Now that the media feeding frenzy has begun to subside because there are more interesting issues like Tiger Woods’ apology, a whale eating her trainer, and the Oscar Awards, some of the truth is beginning to surface on the back pages. Did you read that in the ABC TV exposé (the driving engine behind much of the media assault) that they faked the tachometer which was shown to be revving to scarily high rpm’s? When ABC got caught on this they said that the real tachometer was “shaking” too much so they just filmed one that was in a stopped car while somebody stood on the accelerator.

Or have you read the reports by testing labs who examined Dr. Gilbert’s Congressional testimony about how he had caused a Toyota to suddenly accelerate by simulating certain conditions with the electronic throttle control? If you would like to see one of these, click on my website, http://www.earlstewarttoyota.com/. Then click on “Toyota Recall Info” in the top left of your screen. Once you view this video, you will fully understand why this allegation that defective electronic throttle controls are defective is a hoax.

There is no real evidence that Toyota has built unsafe cars, only anecdotal allegations by people with a variety of reasons for what they say. People accidentally step on the accelerator and the brake at the same time. They even accidentally step on the accelerator instead of the brake sometimes. How often do we read or see on the news how somebody drove their Lincoln, Cadillac, or Buick through the plate glass window at the 7-Eleven or Hair Salon? Did you ever hear one of the drivers admit that they were stepping on the brake and the accelerator at the same time?

The horrible case of the Texas Highway Patrol trooper and his family who were killed in a Lexus is what brought the first attention to Toyota on sudden acceleration. The trooper further dramatized this tragedy by describing the entire event on his cell phone to a 911 operator. How can Toyota be blamed for this when NHTSA’s findings was that the Lexus dealer had used an oversized, recalled floor mat not made for that car and placed it in the vehicle “upside down”?

You want another motive for anecdotal allegations? How about greed and money? Toyota is the largest and wealthiest auto manufacturer on the planet…very deep pockets. Every tort lawyer in the USA is salivating over this opportunity. You can’t look at TV for 10 minutes these days without seeing some unscrupulous attorney soliciting someone who slipped and fell, was in an auto accident, owes the IRS money, or wants to blame somebody else because they have cancer. Auto liability insurance is much higher in some areas like South Florida, because of the great scam of people slamming on their brakes in front of the car behind them causing a rear end collision…a slam dunk for a PI lawyer.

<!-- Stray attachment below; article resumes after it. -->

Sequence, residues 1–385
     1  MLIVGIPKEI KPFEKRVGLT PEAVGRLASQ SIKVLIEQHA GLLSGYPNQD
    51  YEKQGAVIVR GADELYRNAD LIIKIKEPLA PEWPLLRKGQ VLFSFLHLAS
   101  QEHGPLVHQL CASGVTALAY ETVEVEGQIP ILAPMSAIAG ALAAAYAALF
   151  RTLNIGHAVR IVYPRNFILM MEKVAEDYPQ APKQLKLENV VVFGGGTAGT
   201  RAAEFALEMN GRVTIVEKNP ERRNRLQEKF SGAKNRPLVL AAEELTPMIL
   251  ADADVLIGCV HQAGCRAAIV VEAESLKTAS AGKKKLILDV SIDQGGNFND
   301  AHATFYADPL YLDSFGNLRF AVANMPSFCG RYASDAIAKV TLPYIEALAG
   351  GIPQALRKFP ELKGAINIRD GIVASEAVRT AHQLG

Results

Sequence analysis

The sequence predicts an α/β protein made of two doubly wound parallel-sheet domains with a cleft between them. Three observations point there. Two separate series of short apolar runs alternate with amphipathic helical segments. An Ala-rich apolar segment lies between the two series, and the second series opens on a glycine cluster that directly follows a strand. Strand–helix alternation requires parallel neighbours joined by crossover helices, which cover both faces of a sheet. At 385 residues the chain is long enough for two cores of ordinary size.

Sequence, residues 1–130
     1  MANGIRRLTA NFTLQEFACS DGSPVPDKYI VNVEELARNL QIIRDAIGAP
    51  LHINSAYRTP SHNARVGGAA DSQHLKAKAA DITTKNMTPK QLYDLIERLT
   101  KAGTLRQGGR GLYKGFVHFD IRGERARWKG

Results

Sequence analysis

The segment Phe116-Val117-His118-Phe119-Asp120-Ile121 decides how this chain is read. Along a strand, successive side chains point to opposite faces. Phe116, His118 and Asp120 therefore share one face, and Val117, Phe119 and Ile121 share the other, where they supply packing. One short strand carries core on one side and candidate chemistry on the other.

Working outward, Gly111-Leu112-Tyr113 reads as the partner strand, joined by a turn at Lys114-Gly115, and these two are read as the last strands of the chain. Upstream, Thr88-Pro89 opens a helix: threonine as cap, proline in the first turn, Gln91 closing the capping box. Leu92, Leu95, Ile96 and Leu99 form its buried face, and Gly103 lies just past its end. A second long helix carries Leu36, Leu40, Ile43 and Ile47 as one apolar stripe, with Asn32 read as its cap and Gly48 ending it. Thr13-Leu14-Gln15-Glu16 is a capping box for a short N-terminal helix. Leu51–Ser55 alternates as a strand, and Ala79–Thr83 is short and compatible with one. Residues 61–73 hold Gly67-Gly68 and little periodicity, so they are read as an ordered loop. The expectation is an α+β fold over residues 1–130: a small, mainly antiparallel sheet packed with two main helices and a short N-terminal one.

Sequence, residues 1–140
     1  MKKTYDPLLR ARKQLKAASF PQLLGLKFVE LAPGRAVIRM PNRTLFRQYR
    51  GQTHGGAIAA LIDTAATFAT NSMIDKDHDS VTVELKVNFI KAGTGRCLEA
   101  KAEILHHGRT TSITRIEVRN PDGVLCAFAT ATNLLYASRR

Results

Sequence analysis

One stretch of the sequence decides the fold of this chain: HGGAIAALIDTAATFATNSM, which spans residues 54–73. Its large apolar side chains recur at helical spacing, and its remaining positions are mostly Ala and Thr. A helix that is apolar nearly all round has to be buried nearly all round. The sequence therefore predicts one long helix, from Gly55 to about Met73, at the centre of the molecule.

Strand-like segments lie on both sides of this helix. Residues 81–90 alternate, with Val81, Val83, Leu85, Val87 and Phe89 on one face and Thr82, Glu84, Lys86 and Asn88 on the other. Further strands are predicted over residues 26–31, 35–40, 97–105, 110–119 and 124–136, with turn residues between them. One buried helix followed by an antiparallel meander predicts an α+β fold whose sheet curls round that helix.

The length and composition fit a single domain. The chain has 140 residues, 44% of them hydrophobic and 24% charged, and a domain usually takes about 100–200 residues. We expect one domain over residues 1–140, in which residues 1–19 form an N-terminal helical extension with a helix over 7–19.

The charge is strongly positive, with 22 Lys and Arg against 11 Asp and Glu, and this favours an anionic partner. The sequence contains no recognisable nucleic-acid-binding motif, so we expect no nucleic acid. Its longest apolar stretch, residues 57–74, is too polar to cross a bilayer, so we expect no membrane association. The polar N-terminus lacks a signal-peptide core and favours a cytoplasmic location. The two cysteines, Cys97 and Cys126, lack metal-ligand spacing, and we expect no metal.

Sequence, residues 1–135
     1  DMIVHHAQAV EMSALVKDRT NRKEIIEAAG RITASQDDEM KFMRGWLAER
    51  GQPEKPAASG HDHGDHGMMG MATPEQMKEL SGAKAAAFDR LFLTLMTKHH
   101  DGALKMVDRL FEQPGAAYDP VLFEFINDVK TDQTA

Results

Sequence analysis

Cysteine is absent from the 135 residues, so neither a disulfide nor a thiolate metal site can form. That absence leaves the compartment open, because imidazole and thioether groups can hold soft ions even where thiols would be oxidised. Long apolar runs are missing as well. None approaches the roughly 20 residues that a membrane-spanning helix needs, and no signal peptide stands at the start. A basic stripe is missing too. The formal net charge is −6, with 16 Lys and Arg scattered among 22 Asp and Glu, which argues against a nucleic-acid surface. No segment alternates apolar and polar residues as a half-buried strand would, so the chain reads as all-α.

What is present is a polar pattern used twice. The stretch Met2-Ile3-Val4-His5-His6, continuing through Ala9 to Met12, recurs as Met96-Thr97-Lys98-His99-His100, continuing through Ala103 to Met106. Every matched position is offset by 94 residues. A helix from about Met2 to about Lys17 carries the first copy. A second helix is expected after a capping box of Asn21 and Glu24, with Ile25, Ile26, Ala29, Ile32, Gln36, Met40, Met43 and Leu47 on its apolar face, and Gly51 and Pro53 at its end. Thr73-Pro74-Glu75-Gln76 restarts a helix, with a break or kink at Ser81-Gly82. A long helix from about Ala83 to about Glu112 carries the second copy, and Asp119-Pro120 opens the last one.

It wasn’t until the late eighties that science was able to match DNA from crime scenes to the perpetrators. It makes me shudder to think how many innocent people were executed and imprisoned before. Even now, there are men and women in prison who hopefully will be released when the DNA evidence is reviewed. Most of these wrongfully executed and imprisoned victims were convicted on the basis of “eye witness” testimony. Judges and prosecutors now know that eye witness testimony is one of the least reliable forms of evidence. I’m absolutely sure that when Mrs. Smith testified before Congress that her Toyota accelerator stuck, caused her car to suddenly accelerate, and that only when God intervened did it slow down that she firmly believed she was telling the truth.

There is also the “fifteen minutes of fame” motivation. Right now, if you want to be on TV, all you have to do is call your local TV station and tell them that you almost killed yourself and dozens of school children when your Toyota suddenly accelerated while driving though a school zone. Lots of people actually confess to horrible crimes to get attention. You probably know that police won’t even arrest a person and prosecutors won’t prosecute a person who confesses to a crime without corroborating hard evidence.

I’ve been a Toyota dealer at the same location for 35 years. I’ve sold over 10,000 of the recalled cars and have not had one single incident of a sudden acceleration, accident, or injury from a recalled Toyota. I know hundreds of Toyota dealers from all over the country and we communicate all of the time, especially these days. I don’t know of another Toyota dealer who has had a case of sudden acceleration. What’s wrong with this picture?